Tag Archives: jersey

A Basic Renfrew

Not the most exciting item, but a closet staple. A basic white tee. Except this one is made of super-soft organic cotton ­čÖé

A Simple Organic Tee

A Simple Organic Tee

A bit wrinkly in the back – I probably should have taken photos at the beginning of the day…

Fabric: 100% Organic Cotton Jersey from Dressew in Vancouver
Pattern: Renfrew by Sewaholic
Size: 6 on top, 0 at waist and hip

I added 1″ to lengthen the bodice at the waist, and chopped 2.5″ off the bottom. I’m actually really happy with the fit of the top overall. It looks exactly like the other versions I’ve seen around. For the next one, I might take in the waist by 1″ on each side for a closer fit. This fabric is quite sheer in white, so I think the looser fit works on this one.

This was actually my second attempt at the Renfrew. The first was a total disaster. I used a thermal/waffle knit and it stretched out by about 1.5 times in width! The neck is wavy and falling off my shoulders – and it’s not even comfortable! Total fail. I blame the fabric combined with my lack of knowledge about waffle knits…

renfrew mods

1″ added to bodice, 2.5″ chopped off bottom

inside view

inside view



I do have a serger, but I can’t figure out how to adjust the tension for knits, so I used a scalloped edge to finish the seams. I think I actually like it better than serged seams. It’s softer and kind of pretty! So what if it doesn’t look store-bought? Handmade is awesome!

Update: I used stretch stitch G in the following photo:

finishing stitch for knits

A Cozy Maxi Skirt

What could be cozier than a jersey maxi skirt? I have a closet full of “dressy” items, but I end up wearing ratty sweatpants all day since I work from home. They’re comfortable, they’re cozy, and they’re ugly. Enter the jersey maxi. As comfortable as sweatpants (comfier, in fact), but dressy enough to leave the house in without feeling like a total slob. Win-win! I plan to make a bunch more of these.

Organic Cotton Jersey Maxi Skirt Organic Cotton Jersey Maxi Skirt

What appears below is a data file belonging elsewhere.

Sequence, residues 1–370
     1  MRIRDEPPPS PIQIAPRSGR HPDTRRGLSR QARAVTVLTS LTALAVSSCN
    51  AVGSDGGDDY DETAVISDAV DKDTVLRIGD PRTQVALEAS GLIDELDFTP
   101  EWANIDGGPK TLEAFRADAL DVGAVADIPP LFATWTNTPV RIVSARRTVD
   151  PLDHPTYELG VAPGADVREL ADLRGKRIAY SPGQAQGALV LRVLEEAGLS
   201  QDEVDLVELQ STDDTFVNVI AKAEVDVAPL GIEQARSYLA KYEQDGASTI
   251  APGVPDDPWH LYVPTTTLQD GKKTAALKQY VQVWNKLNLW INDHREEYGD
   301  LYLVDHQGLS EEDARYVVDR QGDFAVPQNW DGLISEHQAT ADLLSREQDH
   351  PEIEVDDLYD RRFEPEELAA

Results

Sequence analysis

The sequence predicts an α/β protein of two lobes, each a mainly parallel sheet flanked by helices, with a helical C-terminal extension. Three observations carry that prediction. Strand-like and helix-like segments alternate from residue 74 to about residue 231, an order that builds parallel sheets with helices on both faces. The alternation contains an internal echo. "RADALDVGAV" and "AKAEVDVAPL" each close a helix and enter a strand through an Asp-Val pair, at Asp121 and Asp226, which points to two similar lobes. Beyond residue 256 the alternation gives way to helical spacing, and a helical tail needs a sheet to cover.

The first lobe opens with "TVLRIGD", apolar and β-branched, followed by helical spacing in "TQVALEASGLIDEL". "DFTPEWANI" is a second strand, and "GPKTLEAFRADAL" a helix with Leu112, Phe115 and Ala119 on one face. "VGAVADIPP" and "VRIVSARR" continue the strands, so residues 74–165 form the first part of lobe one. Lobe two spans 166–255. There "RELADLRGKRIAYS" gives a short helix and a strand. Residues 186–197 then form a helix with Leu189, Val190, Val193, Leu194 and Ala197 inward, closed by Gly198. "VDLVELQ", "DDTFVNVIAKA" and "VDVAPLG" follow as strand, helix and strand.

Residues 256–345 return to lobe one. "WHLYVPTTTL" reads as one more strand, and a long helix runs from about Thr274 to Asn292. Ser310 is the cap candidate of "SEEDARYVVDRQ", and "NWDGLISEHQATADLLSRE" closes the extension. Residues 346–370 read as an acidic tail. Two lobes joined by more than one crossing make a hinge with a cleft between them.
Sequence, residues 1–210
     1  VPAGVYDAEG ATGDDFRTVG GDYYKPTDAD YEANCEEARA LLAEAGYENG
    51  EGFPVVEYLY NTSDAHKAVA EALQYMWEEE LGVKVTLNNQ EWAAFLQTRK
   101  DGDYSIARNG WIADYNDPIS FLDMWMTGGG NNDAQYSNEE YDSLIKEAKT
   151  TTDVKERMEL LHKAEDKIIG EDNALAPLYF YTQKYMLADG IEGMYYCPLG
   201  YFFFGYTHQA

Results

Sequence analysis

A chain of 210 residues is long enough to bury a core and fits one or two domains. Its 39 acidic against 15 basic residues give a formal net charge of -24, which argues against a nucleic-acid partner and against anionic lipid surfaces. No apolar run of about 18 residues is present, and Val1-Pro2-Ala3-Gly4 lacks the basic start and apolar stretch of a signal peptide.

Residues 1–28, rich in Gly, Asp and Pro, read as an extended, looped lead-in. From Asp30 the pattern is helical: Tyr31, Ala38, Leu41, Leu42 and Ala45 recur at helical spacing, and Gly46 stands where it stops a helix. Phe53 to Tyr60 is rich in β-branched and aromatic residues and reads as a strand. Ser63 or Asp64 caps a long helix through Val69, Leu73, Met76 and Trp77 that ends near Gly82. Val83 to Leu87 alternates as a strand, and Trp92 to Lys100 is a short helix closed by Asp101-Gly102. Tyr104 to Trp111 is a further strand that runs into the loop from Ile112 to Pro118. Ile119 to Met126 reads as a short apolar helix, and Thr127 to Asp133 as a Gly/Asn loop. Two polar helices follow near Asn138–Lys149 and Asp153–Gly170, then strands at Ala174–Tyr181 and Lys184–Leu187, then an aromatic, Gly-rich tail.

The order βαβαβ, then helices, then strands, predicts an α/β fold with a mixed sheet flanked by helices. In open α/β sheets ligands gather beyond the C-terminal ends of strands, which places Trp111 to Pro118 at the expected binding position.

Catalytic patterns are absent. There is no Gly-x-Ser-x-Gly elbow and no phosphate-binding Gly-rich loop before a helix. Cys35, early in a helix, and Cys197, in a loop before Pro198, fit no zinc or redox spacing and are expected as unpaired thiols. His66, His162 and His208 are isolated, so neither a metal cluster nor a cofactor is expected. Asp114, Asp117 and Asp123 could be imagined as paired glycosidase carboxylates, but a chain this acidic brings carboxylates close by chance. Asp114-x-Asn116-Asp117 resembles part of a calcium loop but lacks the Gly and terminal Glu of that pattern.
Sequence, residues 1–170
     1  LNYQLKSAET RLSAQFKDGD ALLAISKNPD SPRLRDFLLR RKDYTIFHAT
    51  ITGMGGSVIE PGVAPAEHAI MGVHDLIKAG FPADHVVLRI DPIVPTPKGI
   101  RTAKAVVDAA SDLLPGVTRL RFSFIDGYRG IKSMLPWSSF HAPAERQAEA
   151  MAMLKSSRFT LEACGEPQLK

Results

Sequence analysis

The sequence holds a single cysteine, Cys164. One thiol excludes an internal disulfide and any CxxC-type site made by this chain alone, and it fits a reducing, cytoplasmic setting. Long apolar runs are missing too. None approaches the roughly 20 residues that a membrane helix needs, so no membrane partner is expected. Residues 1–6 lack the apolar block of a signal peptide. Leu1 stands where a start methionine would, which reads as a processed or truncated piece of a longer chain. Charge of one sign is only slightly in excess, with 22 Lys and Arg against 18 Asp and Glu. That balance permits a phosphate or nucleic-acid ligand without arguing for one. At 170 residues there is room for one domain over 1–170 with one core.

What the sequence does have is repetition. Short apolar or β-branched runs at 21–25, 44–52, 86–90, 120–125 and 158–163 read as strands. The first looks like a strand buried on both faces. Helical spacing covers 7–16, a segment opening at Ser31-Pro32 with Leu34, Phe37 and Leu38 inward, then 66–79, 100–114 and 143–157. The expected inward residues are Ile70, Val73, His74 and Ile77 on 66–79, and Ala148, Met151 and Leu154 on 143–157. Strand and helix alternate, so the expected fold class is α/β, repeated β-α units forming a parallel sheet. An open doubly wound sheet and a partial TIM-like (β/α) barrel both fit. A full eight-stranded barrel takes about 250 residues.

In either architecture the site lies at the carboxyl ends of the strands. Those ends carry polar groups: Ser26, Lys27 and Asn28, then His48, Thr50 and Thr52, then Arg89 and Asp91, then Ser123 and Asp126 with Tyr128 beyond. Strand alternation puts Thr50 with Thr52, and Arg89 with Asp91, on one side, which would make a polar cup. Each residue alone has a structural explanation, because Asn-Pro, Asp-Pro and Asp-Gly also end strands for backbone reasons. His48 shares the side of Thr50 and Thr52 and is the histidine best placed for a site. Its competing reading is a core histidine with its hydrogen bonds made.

Pattern: generally followed Megan Nielsen’s tutorial for a jersey maxi skirt

Fabric: 95% Organic Cotton, 5% Spandex from Dressew in Vancouver

This should have been the simplest project of all time, but it was way more difficult than the Tiramisu Dress just because of the fabric! I fought with this stuff the whole way through. It curled, it moved, it grew, and it rejected all forms of order. The hem still flips up. I started out trying to do a separate waistband with a gathered skirt, but the waistband grew by over 6″ as I sewed it! So I just kept it simple and tried to wrangle the fabric into submission. Oh well, it’s grey, so at least it will go with everything. Plus, it is super-soft and cozy.

A Teal Tiramisu!

I made a dress! My first sewing project since high school, which was, well… let’s just say a while ago. I had every intention of joining the sew-along, but life got in the way, so I feel like I’ve been working on this dress for two months!

teal tiramisu dress

Fun to twirl in!

teal tiramisu dress

back of teal tiramisu dress

teal tiramisu dress

Pattern: Tiramisu Dress from Cake Patterns
Organic Cotton Jersey in Teal from www.hartsfabric.com
Size: 30C with modifications
Combined skirt pieces and back pieces to remove center seam
Cut skirt and back straight instead of on the bias
Removed 3 cm from each of the front bodice pieces to open up the neck
Removed 3 cm from each side of front and back midriff pieces
Added a waist tie

tiramisu dress modifications

3 cm off each side of front bodice pieces to open up the neck

tiramisu dress modifications

A little off the back to blend with front

tiramisu dress modifications

3 cm off the front and back midriff pieces to get a better fit in the waist

Now that I look at the list, it seems like a lot of changes for a first knit dress, but I’m happy with how it turned out. The seams are a bit wonky, so I won’t show you those ; )

My biggest challenge was trying to do the hem with a double needle. I could not for the life of me work out how to get the stitches not to skip. I googled the problem, and tried all of the suggested solutions, including tissue paper on the top, and then on the bottom, but nothing fixed the problem completely. So after spending hours picking bits of tissue paper off and ripping out the hem twice, I decided to just leave it and do a regular straight stitch hem. It’s not like it needs to stretch anyway.

Then I washed it, and the hem became completely uneven! I thought hanging it for a day would be enough to settle the dress before hemming, but I will definitely be washing all knit projects before hemming in the future – lesson learned!

This fabric is so deliciously soft – I want to make an entire wardrobe out of this stuff!